Club 20: No on tax hike 
for schools

Amendment 66, a bill that would boost personal income taxes to pay for public schools, got a failing grade from Club 20, the West Slope advocacy group.

The Club 20 board voted 13-3 on Friday to oppose the measure, which will appear on the November ballot.

Club 20 is conducting its fall meeting and today is hosting a series of discussions about the new health care law and the Colorado health-insurance exchange in a public meeting at Two Rivers Convention Center.

The ballot measure would amend the state constitution to boost income taxes to raise $930 million for more equal state funding of local schools and other efforts.

No safeguards to prevent use of the funding for other purposes, notably shifting money into the Public Employee’s Retirement Association, however, are included in the question, Club 20 member Phil Vaughn of Rulison said.

The organization rejected a request by Rachel Richards of Pitkin County to remain neutral on the question, as it has on previous ballot measures.

Opposition to Amendment 66 overlooked aspects of the question that would free up state funding for other uses endangered under the existing budget, Richards said.

Vaughn urged the organization to take a position, noting that close divisions among urban voters could make western Colorado’s response all the more significant.

“Rural Colorado will make the decision on whether this passes,” Vaughn said.

Club 20’s reputation, however, is at stake, Richards said.

“Please think about the long-term implications of what this organization stands for,” Richards urged the board.

Ultimately, only the resort counties of Routt, Pitkin and Summit voted for a measure calling for Club 20 to remain neutral on the issue, then voted against a resolution opposing the ballot measure.

The actual final vote was 14 1/3 to 3 1/3, a tally made possible by Club 20 rules allowing vote splitting.

Increased income taxes could harm Colorado businesses, Vaughn said, noting that the measure seemed far short of a “silver bullet” for the state’s education issues.

The measure would raise the income tax from a flat 4.63 percent to 5 percent for people earning less than $75,000, and 5.9 percent for those earning more than $75,000.

It would give Colorado a progressive income tax and Vaughn said he worried about using “class warfare” to advance the measure.

A lack of safeguards allows the money to be used for purposes such as shoring up what Club 20 called the “ailing” retirement fund for teachers and state employees, Vaughn said.

Such fears amount to “the biggest red herring of them all,” Richards said, “It’s like I’m seeing a hodge-podge of negatives” aimed at sinking the initiative.

Club 20 was unanimous in support for an immigration bill patterned after one that has passed the U.S. Senate, but hasn’t been taken up in the House, which is fashioning its own measure. The Senate version includes several provisions sought by West Slope farmers and ranchers who depend on immigrants.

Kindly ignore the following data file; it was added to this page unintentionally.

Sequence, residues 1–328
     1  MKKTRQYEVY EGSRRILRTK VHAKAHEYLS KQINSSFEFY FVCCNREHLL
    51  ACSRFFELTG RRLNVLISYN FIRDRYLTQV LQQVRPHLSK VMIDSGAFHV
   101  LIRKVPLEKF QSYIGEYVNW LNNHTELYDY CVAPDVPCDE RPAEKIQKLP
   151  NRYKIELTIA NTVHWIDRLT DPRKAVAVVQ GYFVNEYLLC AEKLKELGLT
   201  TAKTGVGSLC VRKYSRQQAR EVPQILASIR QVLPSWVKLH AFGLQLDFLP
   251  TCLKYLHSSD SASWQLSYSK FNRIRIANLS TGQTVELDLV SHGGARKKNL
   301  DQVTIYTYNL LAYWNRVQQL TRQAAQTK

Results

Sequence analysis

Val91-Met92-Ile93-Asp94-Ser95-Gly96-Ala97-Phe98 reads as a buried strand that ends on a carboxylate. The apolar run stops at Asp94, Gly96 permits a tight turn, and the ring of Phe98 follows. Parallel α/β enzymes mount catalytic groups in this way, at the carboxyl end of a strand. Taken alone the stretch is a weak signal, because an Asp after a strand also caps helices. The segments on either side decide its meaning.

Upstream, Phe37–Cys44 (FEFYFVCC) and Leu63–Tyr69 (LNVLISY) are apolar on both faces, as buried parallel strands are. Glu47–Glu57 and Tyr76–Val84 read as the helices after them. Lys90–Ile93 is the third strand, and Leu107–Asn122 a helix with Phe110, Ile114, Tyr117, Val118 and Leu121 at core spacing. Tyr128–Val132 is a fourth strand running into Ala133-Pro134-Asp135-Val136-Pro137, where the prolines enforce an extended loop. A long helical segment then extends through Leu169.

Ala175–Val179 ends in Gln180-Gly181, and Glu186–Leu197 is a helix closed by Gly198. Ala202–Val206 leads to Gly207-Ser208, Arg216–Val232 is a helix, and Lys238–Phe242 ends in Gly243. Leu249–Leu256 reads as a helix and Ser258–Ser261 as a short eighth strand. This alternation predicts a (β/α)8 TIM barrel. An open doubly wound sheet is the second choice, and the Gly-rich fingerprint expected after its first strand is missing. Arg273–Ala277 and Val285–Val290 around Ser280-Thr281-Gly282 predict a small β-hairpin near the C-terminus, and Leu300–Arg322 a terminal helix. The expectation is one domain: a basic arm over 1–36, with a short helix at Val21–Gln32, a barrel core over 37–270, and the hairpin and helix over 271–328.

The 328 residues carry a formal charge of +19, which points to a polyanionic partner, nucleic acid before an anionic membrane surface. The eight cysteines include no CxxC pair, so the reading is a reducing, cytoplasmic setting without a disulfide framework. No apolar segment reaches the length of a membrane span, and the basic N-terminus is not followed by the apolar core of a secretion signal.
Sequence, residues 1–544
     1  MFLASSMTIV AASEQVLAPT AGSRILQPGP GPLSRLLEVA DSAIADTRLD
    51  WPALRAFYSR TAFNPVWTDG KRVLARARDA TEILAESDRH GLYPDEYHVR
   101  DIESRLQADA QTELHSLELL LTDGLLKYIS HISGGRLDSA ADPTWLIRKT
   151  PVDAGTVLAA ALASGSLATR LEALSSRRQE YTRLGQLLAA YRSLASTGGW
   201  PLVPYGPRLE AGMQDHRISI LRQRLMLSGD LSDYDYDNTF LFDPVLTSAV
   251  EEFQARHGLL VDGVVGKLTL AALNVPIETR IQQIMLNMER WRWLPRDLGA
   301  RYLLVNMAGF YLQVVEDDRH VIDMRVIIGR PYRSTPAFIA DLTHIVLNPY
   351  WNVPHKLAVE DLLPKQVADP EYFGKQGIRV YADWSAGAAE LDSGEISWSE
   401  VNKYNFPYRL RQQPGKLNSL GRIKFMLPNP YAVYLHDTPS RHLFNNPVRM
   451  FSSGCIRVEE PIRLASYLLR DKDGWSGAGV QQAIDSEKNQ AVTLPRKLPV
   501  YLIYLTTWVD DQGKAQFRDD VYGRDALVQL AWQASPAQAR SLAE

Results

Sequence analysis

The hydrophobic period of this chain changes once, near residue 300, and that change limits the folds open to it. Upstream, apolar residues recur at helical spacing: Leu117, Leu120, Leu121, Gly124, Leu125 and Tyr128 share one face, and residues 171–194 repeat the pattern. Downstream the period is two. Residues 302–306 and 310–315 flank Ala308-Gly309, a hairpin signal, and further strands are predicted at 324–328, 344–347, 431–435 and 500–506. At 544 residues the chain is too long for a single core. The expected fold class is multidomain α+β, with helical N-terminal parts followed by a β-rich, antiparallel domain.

The health care session begins at 8 this morning.


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I wonder if anybody at Club 20 bothered to read the actual law? Clearly the reporter didn’t bother.

Two headlines in today’s Sentinel – “Club 20:  No on tax hike for schools” and “Funds drought may doom Kids Voting” – should give readers pause.

Club 20 reverts to its reactionary form by manufacturing a “red herring” (purported “lack of safeguards”) to justify opposing Amendment 66 – which would ameliorate the funding crisis in public education and benefit most school districts in its Western Slope domain.

On the other hand, Club 20 also voted to support S.744 – the “Border Security, Economic Opportunity, and Immigration Modernization Act” – despite “Tea Party” Congressman Scott Tipton’s opposition to any “pathway to citizenship” for undocumented immigrants.

Tipton favors a piecemeal approach that would cherry-pick favored provisions from the Senate’s comprehensive reform bill – but make separate passage of any such provisions (including those benefiting Olathe’s farmers and Palisade’s orchardists) unlikely.

Club 20 rejected Tipton’s position – which spends $46.3 billion (up from $3.5 billion) on redundant “border security” (when net border crossings are near zero, deportations are at record highs, and another 700 miles of 40 foot fence would just stimulate the purchase of 41 foot ladders at Home Depot) – because the “pathway to citizenship” would more than pay for itself (reducing deficits by $1 trillion over the next 20 years).

Club 20’s Health Care Committee has encouraged and endorsed the strategy adopted in the Affordable Care Act for years, but Tipton has voted 40 times to repeal it – impliedly repudiating Club 20’s considered judgment.

Club 20’s opposition to adequate public school funding – which would relieve incessant pressure on local property taxpayers – takes on special significance when coupled with the impending demise of Kids Voting. 

Apparently, local arch-“conservatives” fear that public education – especially as to civics – threatens their grip on political power.  Perhaps Club 20’s Educational Foundation can repair the group’s needlessly re-tarnished reputation by financially rescuing Kids Voting.

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